The loss of VM at such a critical moment in Indian history is being felt by the entire party and the left movement. To me VM was a communist leader of the new type and a very dear friend.
- Daya Varma
India of my Dreams
Other than politics which to me means medium revealing the intricacies of society, I take a great deal of interest in cosmology where the universe unfolds itself in infinite space and time; where galaxies fast recede into the ever-disappearing frontiers of universe away from each other; where stars emerge, glow and explode to death; and where, quite apparently, motion is the mode of existence of matter. Motion, i.e., change and transformation - always from a lower to a higher order - also, incidentally, forms the modes of existence of human society.
No idea is absolute, no society is perfect. Whenever a society has been conceived as the embodiment of the absolute idea shock waves emerging from deep within have shaken the very foundations. And then amidst the despair all around new dreams arise. Some dreams never come true as they are wild fantasies of human mind, the 'mind-in-itself'. The few which are realized are essentially abstract creations of human mind, the 'mind-for-itself'. Nonetheless, dreams, whether wild or plausible, have remained the source of human endeavour since perhaps the origin of humanity itself.
India of my dreams is essentially an integral India where a Pakistani Muslim won't have to procure a visa in search of the roots of his evolution; where, likewise, for an Indian the great Indus Valley Civilization shall not fall in a foreign country; and where a Bengali Hindu refugee will finally shed away the bitter memories of Dacca and a Bangladeshi Muslim will not be hounded as a foreign national in India. Sounds like BJP? But then the BJP has only thrived upon the great division of the country - between a Muslim Pakistan and Hindu India, albeit not so 'pure'. As BJP continues to stretch this division to extremes with all the disastrous consequences, great thinkers will surely arise in all the three countries and remold the public opinion for a brotherly reunion. And, be sure, that will be the doomsday for the forces like BJP.
In the India of my dreams, a Ganga and a Cauvery, and a Sindhu and a Brahmaputra will freely flow into each other and the morning shall dawn to the jugalbandi of great musical tunes of India. Some statesman will then compile his notes into a "Re-Discovery of India". India of my dreams shall rise in the community of nations as a country which the weakest of the neighbours shall not fear and which the most powerful country in the world shall not be able to threaten or blackmail. This India will rank among the first five countries of the world in economic prowess as well as in Olympic tallies. India of my dreams shall have a secular state which shall rest upon the principle of 'Sarva Dharma Varjitah' rather than 'Sarva Dharma Sambhav'.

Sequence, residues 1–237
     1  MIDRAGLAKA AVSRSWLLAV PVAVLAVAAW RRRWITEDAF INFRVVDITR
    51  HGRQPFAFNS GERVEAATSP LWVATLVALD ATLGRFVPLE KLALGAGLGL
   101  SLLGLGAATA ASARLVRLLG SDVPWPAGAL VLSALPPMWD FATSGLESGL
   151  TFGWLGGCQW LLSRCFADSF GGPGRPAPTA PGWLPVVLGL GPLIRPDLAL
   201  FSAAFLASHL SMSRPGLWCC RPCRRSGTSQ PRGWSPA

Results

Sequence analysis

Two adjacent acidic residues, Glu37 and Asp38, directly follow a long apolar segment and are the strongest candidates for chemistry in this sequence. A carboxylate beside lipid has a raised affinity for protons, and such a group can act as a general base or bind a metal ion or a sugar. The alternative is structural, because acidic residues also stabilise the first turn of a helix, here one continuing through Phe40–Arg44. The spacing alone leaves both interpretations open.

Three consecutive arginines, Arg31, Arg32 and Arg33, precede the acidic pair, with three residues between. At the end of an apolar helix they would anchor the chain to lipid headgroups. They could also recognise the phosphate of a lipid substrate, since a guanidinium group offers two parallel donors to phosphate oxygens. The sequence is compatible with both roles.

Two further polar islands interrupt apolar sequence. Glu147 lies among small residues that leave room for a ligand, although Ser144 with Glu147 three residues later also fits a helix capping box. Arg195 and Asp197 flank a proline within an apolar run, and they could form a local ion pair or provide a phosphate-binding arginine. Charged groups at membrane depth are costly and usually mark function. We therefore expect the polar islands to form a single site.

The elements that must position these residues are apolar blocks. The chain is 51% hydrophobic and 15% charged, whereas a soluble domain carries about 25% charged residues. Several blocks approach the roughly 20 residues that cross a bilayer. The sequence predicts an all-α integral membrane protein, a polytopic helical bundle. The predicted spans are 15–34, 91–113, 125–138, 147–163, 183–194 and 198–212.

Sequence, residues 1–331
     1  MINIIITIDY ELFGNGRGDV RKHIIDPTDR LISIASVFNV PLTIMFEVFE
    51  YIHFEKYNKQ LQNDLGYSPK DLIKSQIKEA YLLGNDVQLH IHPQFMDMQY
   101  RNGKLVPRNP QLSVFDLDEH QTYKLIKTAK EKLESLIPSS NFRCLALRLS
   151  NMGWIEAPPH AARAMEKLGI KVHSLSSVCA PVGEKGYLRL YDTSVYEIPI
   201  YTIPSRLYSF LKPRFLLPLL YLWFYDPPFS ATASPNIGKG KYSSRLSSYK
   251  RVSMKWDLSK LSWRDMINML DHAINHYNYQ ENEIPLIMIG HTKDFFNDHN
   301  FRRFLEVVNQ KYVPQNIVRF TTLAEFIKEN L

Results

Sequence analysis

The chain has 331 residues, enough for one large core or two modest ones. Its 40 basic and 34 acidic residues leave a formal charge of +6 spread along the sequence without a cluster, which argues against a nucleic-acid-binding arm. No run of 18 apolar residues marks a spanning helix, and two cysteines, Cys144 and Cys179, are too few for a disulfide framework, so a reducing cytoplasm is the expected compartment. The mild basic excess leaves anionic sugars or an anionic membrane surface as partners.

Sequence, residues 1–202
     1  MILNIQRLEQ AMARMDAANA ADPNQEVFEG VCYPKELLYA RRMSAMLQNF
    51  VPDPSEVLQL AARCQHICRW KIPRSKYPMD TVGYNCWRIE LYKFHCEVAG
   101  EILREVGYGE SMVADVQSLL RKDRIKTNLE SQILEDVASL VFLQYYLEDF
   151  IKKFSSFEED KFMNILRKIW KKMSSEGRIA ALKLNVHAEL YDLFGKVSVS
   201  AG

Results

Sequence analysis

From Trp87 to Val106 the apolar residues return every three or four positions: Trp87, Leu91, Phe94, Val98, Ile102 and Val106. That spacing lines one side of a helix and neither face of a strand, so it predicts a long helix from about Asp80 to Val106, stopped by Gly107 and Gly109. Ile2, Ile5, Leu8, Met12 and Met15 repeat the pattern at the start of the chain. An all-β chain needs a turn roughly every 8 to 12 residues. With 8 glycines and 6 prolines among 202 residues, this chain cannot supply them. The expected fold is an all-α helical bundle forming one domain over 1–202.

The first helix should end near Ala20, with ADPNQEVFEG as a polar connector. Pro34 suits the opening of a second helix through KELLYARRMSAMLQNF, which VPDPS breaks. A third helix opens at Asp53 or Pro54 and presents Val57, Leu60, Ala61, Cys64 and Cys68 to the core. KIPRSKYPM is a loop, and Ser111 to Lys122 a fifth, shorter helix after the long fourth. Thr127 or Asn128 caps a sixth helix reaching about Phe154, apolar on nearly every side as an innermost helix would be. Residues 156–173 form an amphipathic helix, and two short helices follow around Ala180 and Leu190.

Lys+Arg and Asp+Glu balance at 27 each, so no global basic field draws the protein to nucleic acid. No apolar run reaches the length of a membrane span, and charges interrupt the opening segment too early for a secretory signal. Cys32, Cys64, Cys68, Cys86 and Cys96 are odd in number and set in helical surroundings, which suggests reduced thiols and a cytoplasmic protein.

While not interfering with the individual's faith, the state shall actively cultivate the scientific and rational world outlook. Religion, as has rightly been said, is the expression of man's powerlessness towards his environment. Its abolition therefore demands a thoroughgoing change in the material and spiritual conditions of life where man can stand up to acquire mastery over his environment. Whenever the conservative philosophical systems have burdened the people as deadweights, there have always come up in India great reformation movements. And thus I dream of a great resurgence of rational ideas where the human essence alienated in the form of God shall retrieve itself. This great reformation of human minds shall accompany a special revolution where the producers of wealth shall also be the masters of their produce.
In India of my dreams, glorification of pariahs as harijans will end and dalits will cease to be a category. Castes shall dissolve into classes with each of their members having their individualized expression. In India of my dreams, women shall constitute 50% of representative assemblies. Love marriages will be the rule and the divorce easier to obtain. Children will not know any misery and looking after them will be more the responsibility of the state than parents.
In India of my dreams, every town will have its cafeterias where intellectuals shall have hot discussions over cups of cold coffee. There some anguished soul can gaze through the plumes of rising smoke conjuring up images of their heart-throbs while many insatiable hearts can be captivated by the interpretations of varied works of art and literature. While no work of art and literature will be subjected to state censorship, the smoking shall be strictly prohibited everywhere, except, of course, the coffee house.
To return to the original theme, in India of my dreams, an Indian spaceship will wade through the deep space while Indian scientists and mathematicians will be working out equations integrating into a whole the fundamental forces of nature.
Finally, for me the mother of all dreams is a motherland where political liberty of each of its citizens will be valued mostly where dissent will be considered legitimate and where Tiananmens of the system will be handled by the morally strong statesmen and unarmed forces of people's militia.
India of my dreams is built upon the fundamental process at work within the Indian society and for whose realization many like me are committed to the last drop of their blood.
- Vinod Mishra